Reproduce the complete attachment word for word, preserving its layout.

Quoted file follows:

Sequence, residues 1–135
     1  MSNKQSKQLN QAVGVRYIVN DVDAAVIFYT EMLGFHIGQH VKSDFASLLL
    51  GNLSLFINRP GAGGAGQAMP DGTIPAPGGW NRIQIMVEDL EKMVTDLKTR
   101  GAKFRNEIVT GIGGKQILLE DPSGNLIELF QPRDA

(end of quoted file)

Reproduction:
Sequence, residues 1–135
     1  MSNKQSKQLN QAVGVRYIVN DVDAAVIFYT EMLGFHIGQH VKSDFASLLL
    51  GNLSLFINRP GAGGAGQAMP DGTIPAPGGW NRIQIMVEDL EKMVTDLKTR
   101  GAKFRNEIVT GIGGKQILLE DPSGNLIELF QPRDA